When placing photographs on one's desk, do you recommend a certain
number of photographs or an ideal size and type of frame? My goal
is to create more of a "work" atmosphere than a "home" atmosphere.
always thought my desk was an ideal place for photographs. Delightful
sterling silver frames add a touch of whimsy to my work area and
demonstrate once again that there will always be a place for engraving
in the modern office. Since I use my computer very little, I like
to put photos on my keyboard and monitor as well.
so handy when friends ask who that fabulous young man was that they
saw me with last week, and I can just show them the picture and
ask for their suggestions. After a few days my People have to remind
me of the names, but I have enough new photos by midweek that I
can start over.
silver suits contemporary office decor beautifully, but you might
also try wood, pewter, ceramic, found objects, or tasteful plastic.
Just use your good judgment because decorative objects, like clothing,
are highly symbolic. No rising corporate executive would have a
light pink frame adorned with fluffy bunnies or gingham flowers
and the tag line: "Good Night Moon," unless that person also kept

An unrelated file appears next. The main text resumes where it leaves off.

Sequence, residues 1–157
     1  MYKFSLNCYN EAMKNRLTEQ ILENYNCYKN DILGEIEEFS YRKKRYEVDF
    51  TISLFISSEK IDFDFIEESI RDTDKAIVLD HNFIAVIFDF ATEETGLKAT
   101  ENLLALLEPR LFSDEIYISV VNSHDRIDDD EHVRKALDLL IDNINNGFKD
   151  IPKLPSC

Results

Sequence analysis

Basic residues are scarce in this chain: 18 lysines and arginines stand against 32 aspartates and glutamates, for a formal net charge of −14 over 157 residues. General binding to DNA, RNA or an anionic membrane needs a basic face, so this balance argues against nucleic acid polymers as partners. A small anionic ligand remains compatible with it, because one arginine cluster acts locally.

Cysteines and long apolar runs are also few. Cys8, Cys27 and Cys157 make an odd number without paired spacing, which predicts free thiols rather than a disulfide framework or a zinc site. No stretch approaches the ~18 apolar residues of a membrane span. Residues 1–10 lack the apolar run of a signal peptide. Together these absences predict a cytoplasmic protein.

a pair of pajamas and a night light nearby.
you work in a creative field, scratched glass or scruffy-looking
materials might be held against you for similar reasons. A simple
plastic frame is fine if it's clean and in good condition. Or get
something burnished. Designers are always burnishing things. You
can skip the frame entirely if the pictures lie flat against the
surface to which you've attached them.
number of photographs you should have is a serious question, one
that calls for a mathematical solution. Take the square root of
your total desk space area, divide the result by the number of pictures
you would like to have, and multiply the expression by the probability
that you either will knock your pictures off the desk at least once
a week or find you must put them in the blazing sun, which always
ruins the color. The answer is four, five, or six. The correct size
is 3 x 5 or 4 x 6.
of two exceptions to the Rule of Dimensions is an attractive landscape
photograph - not the 8 X 10 of you with the celebrity or cabinet
official. If you really knew those people you would be having whispered
conversations and secret weekends, not photo sessions. A similarly
sized portrait of your children or partner is also exempt from the
Rule of Dimensions.
subject of the photograph is very important. Family members, beloved
pets, and happy events in general are all suitable as long as they
exhibit good taste. If you are married, be sure to include a wedding
portrait so that people can stare foolishly at it while asking the
ritual question: "Is that your spouse?"
may want to mix business with pleasure if you have pictures of work
events or successes, but beware of the billboard effect: you'll
just look heartless and self-absorbed.
be sure the picture shows you at your best, otherwise you may find
yourself the victim of an unintended "Dorian Grey" effect.
you know, my dog Dickie and I photograph beautifully, so at least
one picture of us on your desk will assure that your workspace is
the very picture of fabulousness.